Get us in your inbox

Lost In Translation
Lost In Translation

The 10 best Bill Murray movies

America's saddest clown has built an impressive film résumé of belly laughs and weary resignation alike

Joshua Rothkopf
Written by
Joshua Rothkopf
Advertising

Straining for significance, Bill Murray lunged at a dramatic role in 1984’s The Razor’s Edge and did something of a belly flop. The saddest thing about that bomb? We had already been taking him seriously for years. On Saturday Night Live and in his early comedies, Murray dazzled with his soft touch, and by the time Ghostbusters came out, he had become a fan favorite. Still, it’s taken a generation of younger directors like Sofia Coppola and Wes Anderson to fully mine Murray’s classic way with stone-faced ennui. Here are 10 Bill Murray movies that highlight a career that’s only gotten better with age.

Best Bill Murray movies

Rushmore (1998)
  • Film
  • Comedy
Enticing the eye with fussy widescreen compositions and the ear with British Invasion pop, Wes Anderson’s semi-autobiographical second feature finds him refining his quirky, hermetic worldview. Jason Schwartzman, as insanely ambitious prep-school nerd Max Fischer, was a real find, but it’s Bill Murray, in (still) the most soulful performance of his career, who gives the film its underlying sense of gravitas. He’s done a lot of Anderson’s films since, but none as deep as this one.
Groundhog Day (1993)
  • Film
Rarely can a Hollywood comedy be described as philosophically profound, but this tale of a smug, selfish weatherman (Murray) forced to replay the same day until he gets it right owes as much to Nietzsche as to Second City. Murray’s performance simply can’t be overrated, shifting from glibness and pain to wisdom and euphoria.
Advertising
Lost in Translation (2003)
  • Film
  • Drama
In the hands of another director, Lost in Translation’s narrative simplicity—the story of two Americans, a young woman (Scarlett Johansson) and a few-decades-older man (Murray) gently mingling lives during their sojourns in Tokyo—might have resulted in a slight film. But Sofia Coppola has tremendous talent for shading in the finest aspects of human interaction, and Murray rises mightily to the occasion, seasoning his character’s disenchantment with sparks of emotional rebirth.
Caddyshack (1980)
  • Film
Murray’s turn as a shambling, mumbling groundskeeper (“Cinderella story…outta nowhere”) obsessed with removing a pesky gopher from the links has become a comedy classic: the definitive improvisational turn in a Hollywood movie. Elsewhere, the movie serves largely as a reminder of how intensely annoying Chevy Chase and Ted Knight could be.
Advertising
Tootsie (1982)
  • Film
  • Comedy
So maybe Dustin Hoffman doesn’t really look much like a woman. Suspend your disbelief. Among this terrific actorcentric comedy’s many miracles is a subdued, huggable turn by Murray as a drunken playwright and sympathetic roommate. It’s as if the younger Bill was somehow channeling his older gentleness.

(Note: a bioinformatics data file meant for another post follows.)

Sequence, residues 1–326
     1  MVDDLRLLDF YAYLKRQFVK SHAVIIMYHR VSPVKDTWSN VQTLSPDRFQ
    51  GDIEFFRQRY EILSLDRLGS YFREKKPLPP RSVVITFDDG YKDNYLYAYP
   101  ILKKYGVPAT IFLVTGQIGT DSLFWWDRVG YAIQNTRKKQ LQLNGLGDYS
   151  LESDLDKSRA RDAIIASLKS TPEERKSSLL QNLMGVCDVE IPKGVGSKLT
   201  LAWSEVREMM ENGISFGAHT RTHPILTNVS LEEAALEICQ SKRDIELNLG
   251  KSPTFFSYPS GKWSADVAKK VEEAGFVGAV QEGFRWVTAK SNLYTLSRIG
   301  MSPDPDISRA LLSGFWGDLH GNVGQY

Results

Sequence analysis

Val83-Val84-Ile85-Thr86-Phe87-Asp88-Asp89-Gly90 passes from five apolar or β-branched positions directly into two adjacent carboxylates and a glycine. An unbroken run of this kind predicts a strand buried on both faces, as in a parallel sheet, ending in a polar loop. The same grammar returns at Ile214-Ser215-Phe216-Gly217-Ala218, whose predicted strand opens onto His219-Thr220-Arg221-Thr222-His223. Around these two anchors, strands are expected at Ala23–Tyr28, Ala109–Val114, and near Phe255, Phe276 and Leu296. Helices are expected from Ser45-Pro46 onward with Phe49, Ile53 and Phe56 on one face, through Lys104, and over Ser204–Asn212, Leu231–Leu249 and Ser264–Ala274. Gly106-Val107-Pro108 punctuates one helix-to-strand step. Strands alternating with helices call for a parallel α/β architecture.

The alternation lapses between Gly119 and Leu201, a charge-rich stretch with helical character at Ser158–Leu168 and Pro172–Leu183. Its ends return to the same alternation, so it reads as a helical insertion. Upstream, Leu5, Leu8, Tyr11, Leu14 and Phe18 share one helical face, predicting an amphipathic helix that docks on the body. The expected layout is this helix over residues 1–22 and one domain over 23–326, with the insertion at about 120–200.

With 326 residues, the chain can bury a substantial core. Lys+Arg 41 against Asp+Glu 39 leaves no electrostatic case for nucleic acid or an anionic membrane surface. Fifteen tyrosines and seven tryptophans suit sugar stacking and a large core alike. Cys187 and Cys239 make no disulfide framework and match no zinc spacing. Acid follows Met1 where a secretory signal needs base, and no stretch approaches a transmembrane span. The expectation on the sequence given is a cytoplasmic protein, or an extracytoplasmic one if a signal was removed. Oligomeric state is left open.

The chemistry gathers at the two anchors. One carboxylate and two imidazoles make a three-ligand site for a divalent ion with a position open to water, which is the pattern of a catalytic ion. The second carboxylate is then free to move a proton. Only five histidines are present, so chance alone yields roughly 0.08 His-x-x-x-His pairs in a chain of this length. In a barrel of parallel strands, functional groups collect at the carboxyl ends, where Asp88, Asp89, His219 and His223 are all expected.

Ghostbusters (1984)
  • Film
  • Comedy
Consider the elements of this supernatural comedy—and the upbeat mania of performers like Dan Aykroyd and Rick Moranis—and Murray is all but essential to this movie’s success. He’s a bored blue-collar ghost worker, lit cig dangling from the corner of his mouth. Murray’s blitheness sells the whole concept.
Advertising
Quick Change (1990)
  • Film
  • Comedy
The credit usually goes to Harold Ramis and Groundhog Day for upping the ante dramatically speaking for Murray, but the transition really comes here, a few years earlier, with this sharp heist comedy that saw the beginnings of thoughtfulness emerging from behind the smirk.
Ed Wood (1994)
  • Film
  • Comedy
Tim Burton’s biopic of the infamous, earnest Edward D. Wood Jr., widely considered the worst filmmaker of all time, treats its subject with equal parts derision and admiration. Johnny Depp leads a superb cast of oddballs that includes Sarah Jessica Parker, Jeffrey Jones and Oscar winner Martin Landau as Bela Lugosi. Murray is in crisp form as catty camp queen Bunny Breckinridge.
Advertising
What About Bob? (1991)
  • Film
In retrospect, Murray’s role as an intensely needy psychiatric patient seems tailor-made for a different kind of actor—a Nicolas Cage or a Woody Allen. It’s to Bill’s credit that he was able to tamp down the hipness and give himself over to the character’s neuroses.
Stripes (1981)
  • Film
  • Comedy
Given Murray’s unkempt, insouciant persona, it seemed a no-brainer to place him in the most strictly regimented milieu imaginable: the army. Our man comes through with an unforgettable drill formation. Also, we miss John Candy.
Recommended
    You may also like
      Advertising